The emission and deposition of persistent metals into the environment, especially metals found in larger particulates of industrial emissions continues to be of concern.
The MOE has re-considered the particle size approach in setting metal standards. With most metals in the recent group of standards being developed, the critical toxicological endpoints are such that the PM10 fraction (PM2.5 for manganese) represents the most appropriate health-based AAQC. Thus AAQCs will be set based on the PM10 fraction. In the case of manganese where the AAQC is based on the PM2.5 fraction, an additional health protective AAQC in PM10 fraction was also derived because of concerns that adverse neurological effects are also associated with human exposure to manganese (Mn) in particulates ≥ PM2.5.
The MOE agrees that emission and deposition of persistent metals into the environment, especially metals found in larger particulates of industrial emissions continues to be of concern, especially if such emissions are considerable and outweigh PM10-based emissions for certain sources. In addition, while monitoring of metals within various particulate sizes in ambient air is feasible, stakeholders pointed out serious implementation difficulties regarding the availability of PM10 (and PM2.5) size fraction emission factors for various sectors, which would be needed for model-based compliance assessments. For these reasons, it was decided to recommend air standards that are TSP-based. The air standards based on TSP will be used in ESDM reports for the assessment of compliance with O. Reg. 419/05. However, AAQCs are not used in ESDM reports. AAQCs are published in a separate document and are used for special studies, air quality assessments, etc.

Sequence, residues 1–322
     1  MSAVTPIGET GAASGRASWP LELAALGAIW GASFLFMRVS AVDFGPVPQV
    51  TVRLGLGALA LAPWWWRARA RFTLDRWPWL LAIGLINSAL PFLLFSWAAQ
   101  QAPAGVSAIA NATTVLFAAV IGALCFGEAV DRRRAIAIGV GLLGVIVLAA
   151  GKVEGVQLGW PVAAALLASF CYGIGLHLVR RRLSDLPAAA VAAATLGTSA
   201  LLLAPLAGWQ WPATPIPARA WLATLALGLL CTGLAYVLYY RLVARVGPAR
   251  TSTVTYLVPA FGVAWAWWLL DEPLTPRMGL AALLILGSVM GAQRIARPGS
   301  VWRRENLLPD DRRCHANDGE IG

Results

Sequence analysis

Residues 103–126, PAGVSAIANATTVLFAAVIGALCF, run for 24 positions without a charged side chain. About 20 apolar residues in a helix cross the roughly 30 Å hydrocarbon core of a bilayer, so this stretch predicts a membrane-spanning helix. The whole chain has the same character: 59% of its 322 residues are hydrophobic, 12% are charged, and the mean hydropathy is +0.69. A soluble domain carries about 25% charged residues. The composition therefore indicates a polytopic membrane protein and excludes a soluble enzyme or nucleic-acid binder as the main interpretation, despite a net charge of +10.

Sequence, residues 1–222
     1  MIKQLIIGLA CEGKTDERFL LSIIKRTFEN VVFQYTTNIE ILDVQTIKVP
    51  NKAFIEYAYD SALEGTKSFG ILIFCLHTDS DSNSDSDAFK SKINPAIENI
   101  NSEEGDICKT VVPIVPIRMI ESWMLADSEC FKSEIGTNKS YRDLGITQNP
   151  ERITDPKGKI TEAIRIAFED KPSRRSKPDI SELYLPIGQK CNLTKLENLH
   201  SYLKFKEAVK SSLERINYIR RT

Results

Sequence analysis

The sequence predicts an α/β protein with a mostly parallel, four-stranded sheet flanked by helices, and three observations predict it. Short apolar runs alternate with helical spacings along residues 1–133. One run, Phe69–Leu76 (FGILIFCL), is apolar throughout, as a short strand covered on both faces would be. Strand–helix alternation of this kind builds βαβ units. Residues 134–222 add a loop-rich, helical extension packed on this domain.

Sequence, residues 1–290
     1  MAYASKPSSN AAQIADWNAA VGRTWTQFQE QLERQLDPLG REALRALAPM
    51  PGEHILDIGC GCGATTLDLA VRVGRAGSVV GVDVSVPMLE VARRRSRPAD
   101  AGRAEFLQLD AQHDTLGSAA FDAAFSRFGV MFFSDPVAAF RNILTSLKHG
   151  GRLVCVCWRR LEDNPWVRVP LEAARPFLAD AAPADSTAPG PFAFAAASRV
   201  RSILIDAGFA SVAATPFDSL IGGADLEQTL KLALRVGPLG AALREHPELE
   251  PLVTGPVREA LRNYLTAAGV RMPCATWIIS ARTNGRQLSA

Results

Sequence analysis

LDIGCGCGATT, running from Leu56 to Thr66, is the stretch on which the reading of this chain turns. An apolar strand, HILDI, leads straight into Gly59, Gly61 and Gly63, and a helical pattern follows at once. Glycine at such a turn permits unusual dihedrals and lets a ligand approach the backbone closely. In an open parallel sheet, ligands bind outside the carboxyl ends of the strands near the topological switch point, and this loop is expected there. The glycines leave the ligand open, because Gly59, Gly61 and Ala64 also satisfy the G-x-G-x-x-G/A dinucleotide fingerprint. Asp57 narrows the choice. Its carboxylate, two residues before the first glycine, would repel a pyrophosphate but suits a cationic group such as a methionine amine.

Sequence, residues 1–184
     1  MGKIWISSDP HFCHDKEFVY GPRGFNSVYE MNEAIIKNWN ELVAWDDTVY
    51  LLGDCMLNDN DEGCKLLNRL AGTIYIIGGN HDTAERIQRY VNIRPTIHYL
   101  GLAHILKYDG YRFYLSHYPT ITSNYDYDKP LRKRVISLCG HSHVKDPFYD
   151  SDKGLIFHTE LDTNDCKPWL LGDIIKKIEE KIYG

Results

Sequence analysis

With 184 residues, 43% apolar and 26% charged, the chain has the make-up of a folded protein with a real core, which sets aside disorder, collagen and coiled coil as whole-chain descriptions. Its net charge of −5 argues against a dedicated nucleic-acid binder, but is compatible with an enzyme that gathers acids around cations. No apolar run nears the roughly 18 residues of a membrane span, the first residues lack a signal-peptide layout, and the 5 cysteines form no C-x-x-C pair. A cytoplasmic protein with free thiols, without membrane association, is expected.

Comment: Particle Size Composition
The assumption used by the MOE that the composition of all particulate matter is equal, can introduce unacceptable margin of conservatism (i.e., extrapolation from TSP to PM10 and PM2.5). Considerable ambient monitoring data in the vicinity of various industrial operations would allow the use of appropriate conversion factors for metal fractionation based on size. Such site-specific factors should be used for the purpose of determining compliance.
The translation of AAQCs based on fine particulate size fractions to total suspended particulate (TSP)-based standards is based on measured ratios of PM10 to TSP or PM2.5 to TSP levels in ambient air as reported by Health Canada and referenced in several of the Decision Documents. Accordingly, approximately 50% of ambient PM10 consists of fine particles (PM2.5), and similarly on average 50% of ambient TSP consists of the PM10 fraction. This broadly observed trend has been based on several years of PM2.5, PM10 and TSP data acquired under the National Air Pollution Surveillance (NAPS) network. Hence, the PM10 values were multiplied by a factor of two to set the air standard. Since the MOE sets province-wide standards facility-specific monitoring considerations would not be appropriate.